IN2MBB2PE wrote:
Hi
AndrewN - Please explain if you can -
I understood the calculation part that how much Carol ate and that's how I came to the right answer but what I do not understand is that the question is asking for -
"the amount of sandwich that she ate would be what fraction of a whole extra-large sandwich?" Why don't we do an extra step after we know the total of her portion to find what fraction of a WHOLE extra-large sandwich she's eating?
Hello,
IN2MBB2PE. The answer to your question is that the two amounts are one and the same. As long as you keep your fractions straightened out, the partial amounts of each sandwich that she did eat will sum to an amount relative to one whole extra-large sandwich, whether there were 5 people, in which case your fraction will be slightly greater than 1—8/5 or 1 and 3/5
of one sandwich, to be exact—or, say, 24 people. Consider the latter case:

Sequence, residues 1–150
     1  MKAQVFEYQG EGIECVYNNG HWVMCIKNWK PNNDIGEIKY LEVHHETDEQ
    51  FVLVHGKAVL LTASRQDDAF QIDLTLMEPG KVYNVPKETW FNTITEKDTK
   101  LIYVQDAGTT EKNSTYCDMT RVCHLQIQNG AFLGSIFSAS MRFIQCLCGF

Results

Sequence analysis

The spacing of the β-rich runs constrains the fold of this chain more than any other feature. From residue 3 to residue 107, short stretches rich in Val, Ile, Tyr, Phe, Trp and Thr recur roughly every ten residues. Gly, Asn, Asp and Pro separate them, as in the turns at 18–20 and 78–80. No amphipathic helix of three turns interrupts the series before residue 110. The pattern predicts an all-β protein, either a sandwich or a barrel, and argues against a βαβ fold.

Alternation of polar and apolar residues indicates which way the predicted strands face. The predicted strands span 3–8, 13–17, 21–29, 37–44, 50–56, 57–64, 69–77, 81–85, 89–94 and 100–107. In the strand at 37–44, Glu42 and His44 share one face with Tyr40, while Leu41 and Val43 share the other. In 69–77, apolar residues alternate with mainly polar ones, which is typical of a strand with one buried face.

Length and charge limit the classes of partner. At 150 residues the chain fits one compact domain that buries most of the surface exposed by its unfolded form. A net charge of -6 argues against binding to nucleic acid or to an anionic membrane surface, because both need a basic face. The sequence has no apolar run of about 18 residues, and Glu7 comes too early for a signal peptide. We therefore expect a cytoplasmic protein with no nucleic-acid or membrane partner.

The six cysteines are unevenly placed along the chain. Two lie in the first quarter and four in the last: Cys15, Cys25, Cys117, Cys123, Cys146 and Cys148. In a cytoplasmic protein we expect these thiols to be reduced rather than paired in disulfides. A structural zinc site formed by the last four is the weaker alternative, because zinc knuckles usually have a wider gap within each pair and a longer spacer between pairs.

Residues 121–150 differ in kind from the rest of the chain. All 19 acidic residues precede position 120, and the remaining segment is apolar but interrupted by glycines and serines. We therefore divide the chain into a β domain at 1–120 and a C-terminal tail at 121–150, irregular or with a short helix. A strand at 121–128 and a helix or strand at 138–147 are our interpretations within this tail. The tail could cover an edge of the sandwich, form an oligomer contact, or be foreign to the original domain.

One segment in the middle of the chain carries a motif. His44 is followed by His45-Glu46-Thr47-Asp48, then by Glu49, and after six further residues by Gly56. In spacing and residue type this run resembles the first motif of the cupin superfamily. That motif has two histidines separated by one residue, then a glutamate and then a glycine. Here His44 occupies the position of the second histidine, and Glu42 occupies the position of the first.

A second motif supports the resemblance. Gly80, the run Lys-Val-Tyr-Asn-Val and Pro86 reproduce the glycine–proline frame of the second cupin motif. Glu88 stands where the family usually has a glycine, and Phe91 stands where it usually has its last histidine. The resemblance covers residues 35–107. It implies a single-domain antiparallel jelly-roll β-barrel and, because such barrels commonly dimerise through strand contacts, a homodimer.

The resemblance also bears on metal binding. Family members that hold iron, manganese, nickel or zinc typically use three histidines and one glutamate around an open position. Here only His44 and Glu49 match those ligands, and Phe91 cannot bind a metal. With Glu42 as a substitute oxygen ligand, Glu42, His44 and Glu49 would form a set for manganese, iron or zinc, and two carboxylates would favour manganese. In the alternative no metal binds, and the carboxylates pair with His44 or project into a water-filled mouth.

Sandwich #1 (evenly divided)—Carol eats 1/24 of the sandwich
Sandwich #2 (evenly divided)—Carol eats 1/24 of the sandwich
Sandwich #3 (evenly divided)—Carol eats 1/24 of the sandwich
Sandwich #4 (evenly divided among all but 4 students)—Carol eats 1/20 of the sandwich
\(\frac{1}{24} + \frac{1}{24} + \frac{1}{24} + \frac{1}{20}\)
\(3(\frac{1}{24}) + \frac{1}{20}\)
\(\frac{3}{24} + \frac{1}{20}\)
\(\frac{1}{8} + \frac{1}{20}\)
\(\frac{5}{40} + \frac{2}{40}\)
\(\frac{7}{40}\)
Of course, this 7/40 also uses
one sandwich as the benchmark, so no extra step, such as dividing the sum by 4, is needed. (We have already performed the necessary division on
each sandwich. The key here is that all the sandwiches are
of exactly the same size.)
Thank you for following up. Perhaps that makes more sense now. Good luck with your studies.
- Andrew